The Basics

What the outdoor retailer offers is personal expertise which is something the web cannot deliver. In a world awash with product and competing claims, the informed sales person comes into his or her own. On these pages and in concert with individual sponsors we offer a series of bullet point guides to the basics of the key outdoor product categories. Our aim is to provide inexperienced sales staff a guide to what to remember and for more experienced ones a reminder of things they might have forgotten. The Basics has been produced so as to make it simple to download – in most cases each takes up no more than single sheet of paper.

The Basics of Writing Your Own Press Releases

What is a press release?

Press releases are official statements issued by companies, organisations and individuals which are then sent to print and broadcast media. Press releases may be purely factual and address a specific issue or concern or they may be more promotional in nature. 

Keep to the subject

Objectivity is central to writing good press releases. You can maintain this by always writing in the third person. Never use I, you, we or us; always it, he, she and they. The company is always singular, so be sure to use ‘it’ rather than ‘they’.

No initials

Avoid acronyms and abbreviations. If unavoidable spell them out in the first instance – for example electronic point of sale (EPOS) - and then introduce them in the abbreviated form thereafter (EPOS). Better still, don’t use them at all. 

It isn’t Shakespeare...

Remember this isn’t poetry. Simple, concise language is preferable to long, protracted, flowery language.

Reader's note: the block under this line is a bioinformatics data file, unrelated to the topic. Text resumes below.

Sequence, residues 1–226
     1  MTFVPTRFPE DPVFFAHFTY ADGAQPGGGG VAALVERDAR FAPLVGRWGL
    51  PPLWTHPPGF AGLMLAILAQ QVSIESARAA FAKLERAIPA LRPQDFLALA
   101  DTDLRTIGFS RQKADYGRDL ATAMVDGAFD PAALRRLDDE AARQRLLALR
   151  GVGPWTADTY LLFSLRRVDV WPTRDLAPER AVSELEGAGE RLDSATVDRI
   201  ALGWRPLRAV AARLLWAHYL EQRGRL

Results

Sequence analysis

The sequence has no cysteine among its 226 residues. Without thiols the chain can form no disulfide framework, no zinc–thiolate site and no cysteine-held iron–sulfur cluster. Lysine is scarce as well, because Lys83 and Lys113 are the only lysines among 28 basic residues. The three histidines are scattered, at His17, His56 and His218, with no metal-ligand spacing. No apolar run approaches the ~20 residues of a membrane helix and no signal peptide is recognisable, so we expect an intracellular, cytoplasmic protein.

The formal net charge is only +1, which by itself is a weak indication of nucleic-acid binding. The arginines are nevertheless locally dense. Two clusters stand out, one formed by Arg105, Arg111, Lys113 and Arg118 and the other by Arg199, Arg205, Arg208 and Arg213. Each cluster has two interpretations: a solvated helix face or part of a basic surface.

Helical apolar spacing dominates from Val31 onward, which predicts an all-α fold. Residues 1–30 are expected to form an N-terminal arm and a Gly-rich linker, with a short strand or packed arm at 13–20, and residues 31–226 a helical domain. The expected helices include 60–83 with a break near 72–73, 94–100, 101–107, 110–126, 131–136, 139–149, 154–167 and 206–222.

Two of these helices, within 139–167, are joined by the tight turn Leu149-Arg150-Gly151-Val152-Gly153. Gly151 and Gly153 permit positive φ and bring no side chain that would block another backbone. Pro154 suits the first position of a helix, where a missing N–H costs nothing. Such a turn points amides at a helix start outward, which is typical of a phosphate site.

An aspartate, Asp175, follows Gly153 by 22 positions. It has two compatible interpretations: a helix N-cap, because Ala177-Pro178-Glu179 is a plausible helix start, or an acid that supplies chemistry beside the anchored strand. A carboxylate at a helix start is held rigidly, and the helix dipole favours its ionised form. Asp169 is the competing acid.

…and it isn’t Dickens either 

Press releases are not stories; they should not build up to a thrilling climax. Always compose the release using an inverted pyramid structure, with the most important information appearing first. That way, if a journalist stops reading after the first or second paragraph, he/she has already gleaned the vital facts 

Don’t boast

Never make a claim you cannot back up. So out go ‘the world’s number one service’, ‘our product is totally unique’ or anything similar unless there is verifiable and acceptable data to justify such a claim 

No jargon

Use language everyone understands. Don’t rely on a barrage of industry jargon and buzzwords, such as the cost-effective, leading edge, one-stop-shop solution and so on. This sort of language is meaningless and it is disliked by good journalists . 


Should be succinct and snappy and in the present or future tense. 

Get the image right  

A good picture can be the deciding factor between two stories of equal worth, so the rule is wherever possible supply a good image. This is subject to two caveats: If you only have low res images send nothing at all. A great story can be easily undermined by low quality imagery. Send high-resolution images. If you’re directing journalists to website downloads, you must make sure it is easy for them to access and that all the images are useable (this is frequently not the case). 

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